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Review Group Week 280 - All-Nighter #1

Written by Niam Suggitt on Wednesday, July 27 2011 and posted in Reviews

It's a non-Big Two book this week, will those hipsters in the Review Group lap it up?



The Review Group is a collection of posters who get together and review a new comic each week. Our threads can be found in The Outhouse's News Stand forum and is open for anyone and everyone to participate.

Dieses woche, wir haben All-Nighter #1. Das ist sehr gut!


The main character is obviously at this point a bit of a cypher. I appreciated the efforts to flesh out her character, and you get a bit of a sense of what she's about. The other characters obviously weren't that interesting yet, but it's a first issue what can you do. The art was very nice, I thought it flowed very well, and even though I read it on a screen I liked it.

My two big problems:

The first problem is the tacked on mystery element of the plot. She killed her mother, I get that, but it comes across as cumbersome when she is talking about it. I get it has to be forced in sort of to create a bit of mystery, but it's really not that interesting as of right now.

The second is to do with some of the dialogue. Whilst most of the time it is fine if a little bland (honestly it's hard to tell in one issue) there's a few lines that stand out. "Dwane is like a bad penny you always find in your pocket" a poor metaphor which managed to sound very new yet cliched at the same time.

Also who is that blonde girl?

Overall, y'know one of the better comics I've read recently (really not saying much). It did everything it needed to in a serviceable way, and it didn't need to resort to a fight scene or hitting me with anything over the head. The characters are a bit on the thin side so far, but EVERY character will be a bit on the thin side after an opening issue.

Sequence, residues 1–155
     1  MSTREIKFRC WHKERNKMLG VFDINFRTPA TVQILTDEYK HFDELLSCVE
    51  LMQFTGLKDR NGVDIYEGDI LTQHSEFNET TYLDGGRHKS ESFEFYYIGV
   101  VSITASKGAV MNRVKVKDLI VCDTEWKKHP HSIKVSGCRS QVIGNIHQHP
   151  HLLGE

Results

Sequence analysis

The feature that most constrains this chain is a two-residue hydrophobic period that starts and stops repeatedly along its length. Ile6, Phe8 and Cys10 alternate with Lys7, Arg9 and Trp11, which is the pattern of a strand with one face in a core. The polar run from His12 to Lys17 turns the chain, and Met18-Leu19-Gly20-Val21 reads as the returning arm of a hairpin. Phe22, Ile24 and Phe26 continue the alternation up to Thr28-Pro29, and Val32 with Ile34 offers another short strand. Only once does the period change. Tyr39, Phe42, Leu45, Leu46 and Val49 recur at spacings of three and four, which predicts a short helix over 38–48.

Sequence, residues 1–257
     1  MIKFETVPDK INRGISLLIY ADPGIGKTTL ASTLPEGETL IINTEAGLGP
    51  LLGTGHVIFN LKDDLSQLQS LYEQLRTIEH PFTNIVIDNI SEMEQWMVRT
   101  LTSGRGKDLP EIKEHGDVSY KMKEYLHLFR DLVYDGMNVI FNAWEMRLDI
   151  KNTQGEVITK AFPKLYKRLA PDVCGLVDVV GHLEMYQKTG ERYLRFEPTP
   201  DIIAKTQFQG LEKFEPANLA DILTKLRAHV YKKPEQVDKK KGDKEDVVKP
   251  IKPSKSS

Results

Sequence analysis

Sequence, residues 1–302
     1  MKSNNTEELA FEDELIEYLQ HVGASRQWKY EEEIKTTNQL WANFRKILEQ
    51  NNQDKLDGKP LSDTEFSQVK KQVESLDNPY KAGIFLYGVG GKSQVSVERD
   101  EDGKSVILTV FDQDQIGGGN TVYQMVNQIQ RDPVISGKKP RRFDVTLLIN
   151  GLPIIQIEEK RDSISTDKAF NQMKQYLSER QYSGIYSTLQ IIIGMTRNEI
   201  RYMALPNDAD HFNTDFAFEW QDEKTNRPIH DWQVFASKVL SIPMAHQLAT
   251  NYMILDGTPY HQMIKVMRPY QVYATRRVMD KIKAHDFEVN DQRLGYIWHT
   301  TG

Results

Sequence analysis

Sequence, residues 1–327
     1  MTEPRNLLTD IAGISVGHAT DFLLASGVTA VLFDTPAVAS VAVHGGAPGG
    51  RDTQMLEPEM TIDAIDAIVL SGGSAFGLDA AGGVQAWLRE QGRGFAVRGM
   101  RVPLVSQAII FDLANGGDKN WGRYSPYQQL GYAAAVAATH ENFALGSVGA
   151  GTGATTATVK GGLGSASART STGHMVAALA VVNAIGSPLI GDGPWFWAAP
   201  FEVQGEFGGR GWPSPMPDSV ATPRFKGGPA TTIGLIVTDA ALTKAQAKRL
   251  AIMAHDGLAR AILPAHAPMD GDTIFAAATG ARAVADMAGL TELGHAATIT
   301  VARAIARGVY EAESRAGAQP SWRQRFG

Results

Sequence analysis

I'm in a very good mood. This get 7.5 out of 10


Meh meh meh. I'm not a teenage girl so this didn't appeal to me in the least.



Nice art, but the writing ain't my thing. Since the rules are in place, the rest will just be filler. I don't care what happens to Kat or her on/ off boyfriend. They're "flawed", but they're not interesting. At least, the story's world makes sense.

5.5* out of 10*

Eli Katz

All Nighter #1 is a sharply written book that introduces us to one of the most complex protagonists in comics -- a quirky, short-haired femme fatale who's homicidal and self-possessed and yet sweet and instantly likeable.

The book focuses on Kit, an art student by day and a lookout by night for her thieving ex-boyfriend. She's an odd character in a crime book that reads more like a teenage romance comic than a pulpy noir. She isn't particularly tough and by no means does she revel in her criminality. On the contrary, she's filled with guilt for the misdeeds she commits -- especially the small lies that she tells her friends.

Yet, there is a psychopathic nonchalance to her. She explains in the opening pages, for example, that breaking up with her criminal boyfriend was nearly as difficult as killing her mother. Kit should be repellant to us as soon as she makes this disturbing comparison and equally disturbing confession. But she has enough charm and easygoing humor to make us forget that she's probably a lunatic.

All Nighter also introduces a strong supporting cast, and promises to develop intriguing tension between Kit's friends, family, and roommates. Each of these characters -- from Kit's best friend to her brother -- are made instantly recognizable and three-dimensional. Writer-artist David Hahn is an efficient storyteller, managing to provide a clear sense of each supporting character in just a few panels.

The black-and-white art in All Nighter is straightforward, yet gorgeously detailed. Because it is a character-driven book, the character designs need to be lively and the illustrations exceedingly consistent. And Hahn accomplishes both. This is a book with a strong, unique look.

All Nighter #1 is an excellent read. This series promises to be one of the best, most original comics of 2011.


ART: 9.5



It was alright, nothing special but nothing as bad as we've read lately.


Stephen Day

I'll admit that All Nighter #1 is a well written comic. All of the characters' motivations are clear and they seem like real people. Kit is a bit of an idiot, but she's a realistic seeming idiot. The plot also makes sense. Having said that, I can't say I actually enjoyed it. I'm sure that there are people out there who did enjoy it, and hey cool, I have no problem with that. In the end, it just isn't my thing.

I guess I'll give it a 6 out of 10 strictly because I can't give something that clearly isn't bad a mark below 5 simply because its not my cup of tea.

Asmodeus Jones